We're going to take a brief break from covering the Psalms themselves to consider Biblical worldview versus modern Western worldviews. This is long but was really eye-opening for me.
N.T. Wright, in his book The Case for the Psalms, put forth the idea that we're not looking at the clash of an ancient worldview versus a new one, but of two ancient ideas. Praying the Psalms, he asserts, helps us live in the mindset of one, while helping to combat the other.
|The Romans in their Decadence, Thomas Couture|
At this point it is important to head off a regular misunderstanding. People have often supposed that the main difference between the worldview held by the early Christians and the worldview most of us grew up with is that the first is "ancient" and the second is "modern." It is then often assumed that because we "live in the modern world" we are bound to dismiss the "ancient" worldview as out-of-date, prescientific, and based on ignorance and superstition and accept the "modern" one as, supposedly, up-to-date and based on science, technology and all the wisdom of a modern "free" society. This, however, is radically misleading.
The main difference between the worldview of the first Christians and the worldview of most modern Western persons has nothing to do with "ancient" and "modern." It has almost nothing to do, except at a tangent, with the development of modern science. The main difference is that the first Christians, being first-century Jews who believed that Israel's God had fulfilled his ancient promises in Jesus of Nazareth, were what I and others call "creational monotheists": that is, they believed that the one creator God, having made the world, remained in active and dynamic relation with it. What's more they believed that this God had promised to return to his people at the end of their long, sad years of desolation and misery to dwell in their midst and to set up his sovereign rule on earth as in heaven. And they believed that in Jesus of Nazareth, and in the power of his Spirit at work in their lives, this God had done exactly that.
The ancient Jews who shaped this belief in creational monotheism, and the early Christians who developed it in this startling new way, were doing so in a world of many philosophies and worldviews. One of these, every bit as "ancient" as that of the first century Jews, was the philosophy known after the name of its founder, Epicurus. The philosophy of Epicurus, particularly in its developed exposition by the great Roman poet Lucretius (who lived about a century before Jesus), proposed that the world was not created by a god or the gods and that if such beings existed, they were remote from the world of humans. Our own world and our own lives were simply part of an ongoing self-developing cosmos in which change, development, decay, and death itself operated entirely under their own steam.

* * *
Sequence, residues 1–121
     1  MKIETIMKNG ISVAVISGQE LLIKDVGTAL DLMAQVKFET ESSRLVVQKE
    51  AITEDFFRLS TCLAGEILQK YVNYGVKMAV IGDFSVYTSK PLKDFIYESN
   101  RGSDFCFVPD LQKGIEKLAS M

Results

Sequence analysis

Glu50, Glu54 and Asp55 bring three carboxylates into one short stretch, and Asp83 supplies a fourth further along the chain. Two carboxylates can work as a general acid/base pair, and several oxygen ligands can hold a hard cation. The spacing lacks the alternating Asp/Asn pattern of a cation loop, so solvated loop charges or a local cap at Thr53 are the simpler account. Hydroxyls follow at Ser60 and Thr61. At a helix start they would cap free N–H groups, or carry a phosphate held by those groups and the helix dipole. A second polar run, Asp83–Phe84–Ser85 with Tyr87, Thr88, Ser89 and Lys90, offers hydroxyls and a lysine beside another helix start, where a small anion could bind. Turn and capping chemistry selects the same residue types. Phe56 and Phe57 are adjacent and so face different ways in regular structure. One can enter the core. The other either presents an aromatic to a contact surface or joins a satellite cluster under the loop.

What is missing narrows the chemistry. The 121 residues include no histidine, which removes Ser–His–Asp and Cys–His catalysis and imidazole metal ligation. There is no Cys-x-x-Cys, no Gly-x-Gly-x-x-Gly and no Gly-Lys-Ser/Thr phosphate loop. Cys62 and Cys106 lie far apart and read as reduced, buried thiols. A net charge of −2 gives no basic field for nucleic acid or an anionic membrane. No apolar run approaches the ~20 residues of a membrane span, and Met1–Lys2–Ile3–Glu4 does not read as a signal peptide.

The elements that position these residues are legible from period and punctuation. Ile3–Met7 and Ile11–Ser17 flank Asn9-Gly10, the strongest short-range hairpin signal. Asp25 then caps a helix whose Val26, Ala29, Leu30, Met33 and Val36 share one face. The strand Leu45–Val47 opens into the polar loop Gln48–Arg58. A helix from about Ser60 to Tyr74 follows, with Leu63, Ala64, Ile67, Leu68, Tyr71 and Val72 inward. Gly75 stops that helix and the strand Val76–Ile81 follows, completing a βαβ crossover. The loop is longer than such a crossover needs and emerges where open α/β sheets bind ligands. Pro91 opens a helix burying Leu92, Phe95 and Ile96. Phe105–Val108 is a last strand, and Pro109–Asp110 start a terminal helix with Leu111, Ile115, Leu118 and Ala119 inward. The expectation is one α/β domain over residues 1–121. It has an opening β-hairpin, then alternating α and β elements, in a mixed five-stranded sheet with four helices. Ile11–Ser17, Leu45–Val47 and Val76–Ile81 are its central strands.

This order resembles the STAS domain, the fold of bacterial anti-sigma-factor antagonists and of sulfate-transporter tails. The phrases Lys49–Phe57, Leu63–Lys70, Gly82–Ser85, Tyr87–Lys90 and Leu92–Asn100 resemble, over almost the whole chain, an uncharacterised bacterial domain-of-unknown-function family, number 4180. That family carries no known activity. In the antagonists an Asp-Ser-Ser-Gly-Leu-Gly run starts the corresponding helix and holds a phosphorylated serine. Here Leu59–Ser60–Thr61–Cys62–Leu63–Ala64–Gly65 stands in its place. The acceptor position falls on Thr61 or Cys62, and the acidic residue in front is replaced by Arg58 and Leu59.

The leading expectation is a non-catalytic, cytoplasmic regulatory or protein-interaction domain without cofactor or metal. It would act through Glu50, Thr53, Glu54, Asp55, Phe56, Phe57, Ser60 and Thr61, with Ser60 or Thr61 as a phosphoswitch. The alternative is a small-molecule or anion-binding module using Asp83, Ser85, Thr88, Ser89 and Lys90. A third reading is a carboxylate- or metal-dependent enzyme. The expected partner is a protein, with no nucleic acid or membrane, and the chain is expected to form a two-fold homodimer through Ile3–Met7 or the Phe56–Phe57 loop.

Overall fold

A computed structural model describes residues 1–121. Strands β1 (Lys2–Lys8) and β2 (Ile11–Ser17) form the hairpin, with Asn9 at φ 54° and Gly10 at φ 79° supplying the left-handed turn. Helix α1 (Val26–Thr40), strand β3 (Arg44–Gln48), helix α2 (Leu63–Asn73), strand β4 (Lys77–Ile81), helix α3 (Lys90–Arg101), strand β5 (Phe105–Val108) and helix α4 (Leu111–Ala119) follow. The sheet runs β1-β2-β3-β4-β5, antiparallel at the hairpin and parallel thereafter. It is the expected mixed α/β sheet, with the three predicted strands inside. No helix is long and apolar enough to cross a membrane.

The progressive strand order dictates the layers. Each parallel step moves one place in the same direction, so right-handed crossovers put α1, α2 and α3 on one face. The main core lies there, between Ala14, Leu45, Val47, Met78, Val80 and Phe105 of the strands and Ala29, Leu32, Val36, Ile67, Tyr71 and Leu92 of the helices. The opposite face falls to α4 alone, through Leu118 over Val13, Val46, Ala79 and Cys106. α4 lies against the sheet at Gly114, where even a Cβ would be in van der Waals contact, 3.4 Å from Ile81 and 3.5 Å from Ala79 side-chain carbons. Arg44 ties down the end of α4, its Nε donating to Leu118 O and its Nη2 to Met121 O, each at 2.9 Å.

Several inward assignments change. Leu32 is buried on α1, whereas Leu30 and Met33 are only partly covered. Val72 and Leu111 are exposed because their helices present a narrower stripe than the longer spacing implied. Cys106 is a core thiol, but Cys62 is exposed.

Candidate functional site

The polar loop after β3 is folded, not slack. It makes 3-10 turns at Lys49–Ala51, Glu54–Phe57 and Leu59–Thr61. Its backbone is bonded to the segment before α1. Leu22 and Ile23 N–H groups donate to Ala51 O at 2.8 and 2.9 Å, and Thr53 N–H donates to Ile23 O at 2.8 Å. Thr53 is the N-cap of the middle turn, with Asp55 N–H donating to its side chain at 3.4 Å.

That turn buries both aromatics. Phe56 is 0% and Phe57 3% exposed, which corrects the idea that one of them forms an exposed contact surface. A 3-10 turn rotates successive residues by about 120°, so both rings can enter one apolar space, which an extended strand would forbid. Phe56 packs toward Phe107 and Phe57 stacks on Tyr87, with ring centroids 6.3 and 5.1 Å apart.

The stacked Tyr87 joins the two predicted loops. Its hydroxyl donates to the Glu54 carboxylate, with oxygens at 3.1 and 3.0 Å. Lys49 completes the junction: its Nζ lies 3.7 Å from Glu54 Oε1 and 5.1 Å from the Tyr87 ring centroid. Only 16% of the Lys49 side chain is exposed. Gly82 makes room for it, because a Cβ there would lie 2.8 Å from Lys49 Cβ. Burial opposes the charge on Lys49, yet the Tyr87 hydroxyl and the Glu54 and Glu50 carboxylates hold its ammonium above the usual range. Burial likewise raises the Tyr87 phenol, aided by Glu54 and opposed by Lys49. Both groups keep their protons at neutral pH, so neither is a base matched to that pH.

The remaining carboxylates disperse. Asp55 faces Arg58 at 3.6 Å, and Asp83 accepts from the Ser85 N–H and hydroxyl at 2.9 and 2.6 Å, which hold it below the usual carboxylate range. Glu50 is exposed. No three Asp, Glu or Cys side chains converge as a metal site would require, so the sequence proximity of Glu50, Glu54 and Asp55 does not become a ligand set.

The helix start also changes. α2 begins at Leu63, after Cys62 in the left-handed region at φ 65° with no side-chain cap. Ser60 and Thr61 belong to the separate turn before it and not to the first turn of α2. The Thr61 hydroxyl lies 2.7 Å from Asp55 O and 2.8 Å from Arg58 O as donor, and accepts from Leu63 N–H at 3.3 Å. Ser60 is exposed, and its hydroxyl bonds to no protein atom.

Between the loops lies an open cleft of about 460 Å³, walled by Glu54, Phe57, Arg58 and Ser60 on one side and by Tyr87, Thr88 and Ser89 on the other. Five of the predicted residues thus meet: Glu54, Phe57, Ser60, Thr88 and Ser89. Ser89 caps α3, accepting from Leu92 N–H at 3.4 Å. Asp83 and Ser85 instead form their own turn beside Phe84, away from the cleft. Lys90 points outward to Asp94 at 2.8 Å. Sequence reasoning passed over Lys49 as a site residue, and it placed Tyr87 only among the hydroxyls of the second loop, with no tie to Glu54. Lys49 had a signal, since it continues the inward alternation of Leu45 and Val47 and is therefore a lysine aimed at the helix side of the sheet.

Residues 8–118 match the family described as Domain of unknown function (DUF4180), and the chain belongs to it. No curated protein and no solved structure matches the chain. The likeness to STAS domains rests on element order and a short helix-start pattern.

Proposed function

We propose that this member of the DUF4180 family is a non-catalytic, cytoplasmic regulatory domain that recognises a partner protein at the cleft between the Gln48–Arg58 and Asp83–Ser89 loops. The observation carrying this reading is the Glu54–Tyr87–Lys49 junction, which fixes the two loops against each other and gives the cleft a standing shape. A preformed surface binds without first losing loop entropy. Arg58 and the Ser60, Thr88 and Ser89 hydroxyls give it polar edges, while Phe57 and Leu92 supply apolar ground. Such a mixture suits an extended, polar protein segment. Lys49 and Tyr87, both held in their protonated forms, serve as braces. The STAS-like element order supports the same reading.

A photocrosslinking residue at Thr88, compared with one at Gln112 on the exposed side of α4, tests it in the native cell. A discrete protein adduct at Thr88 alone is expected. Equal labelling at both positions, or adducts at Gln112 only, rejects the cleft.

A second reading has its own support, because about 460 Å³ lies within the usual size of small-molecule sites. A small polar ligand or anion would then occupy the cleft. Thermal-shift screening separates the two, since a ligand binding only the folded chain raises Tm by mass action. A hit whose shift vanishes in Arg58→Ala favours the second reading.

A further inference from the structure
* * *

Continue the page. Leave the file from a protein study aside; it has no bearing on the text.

At a stroke, this philosophy offered liberation from any fear of the gods or of what terrors might be in store for people after their deaths. But by the same stroke, it cut off any long-term or ultimate hope. At a popular level, the message was this: shrug your shoulders and enjoy life as best you can. Sounds familiar? This is the philosophy that our modern Western world has largely adopted as the norm.
The problem we face when we read, pray, or sing parts of the Bible is not that it is "old" and our current philosophy is "new" (and therefore somehow better). The problem is that, out of many ancient worldviews, the Bible resolutely inhabits one, and much of the modern Western world has resolutely inhabited a different one. Our prevailing modern Western worldview is no more "modern" than the worldview of the first Christians. All that has happened is that many leading scientists in the eighteenth and nineteenth centuries, who were attracted to Epicureanism for quite other reasons (not least social, cultural, and political), have interpreted their perfectly proper scientific observations (for instance, concerning the origin and development of specific species of plants and animals) within an Epicurean framework. It has then been assumed that "science" actually supports this view of a detached "god" and a world simply doing its own thing. But this is profoundly mistaken.
Epicureanism, then, is of course an ancient worldview, but it has been retrieved in Western modernity as though it were a new thing. Creational and covenental monotheism is likewise both ancient and modern, rooted in God's covenant with Abraham as described in the book of Genesis, elaborated in the great covenental writings of the first five books of the Bible, developed in the traditions we find throughout the Old Testament, and still thriving where the followers of Jesus learn to pray and live his Psalm-soaked gospel. Part of my reflection in this book is that when the Psalms do their work in us and through us, they should equip us the better to live by and promote that alternative worldview. The biblical worldview, I will suggest is both far more ancient than Epicureanism and also far more up-to-date.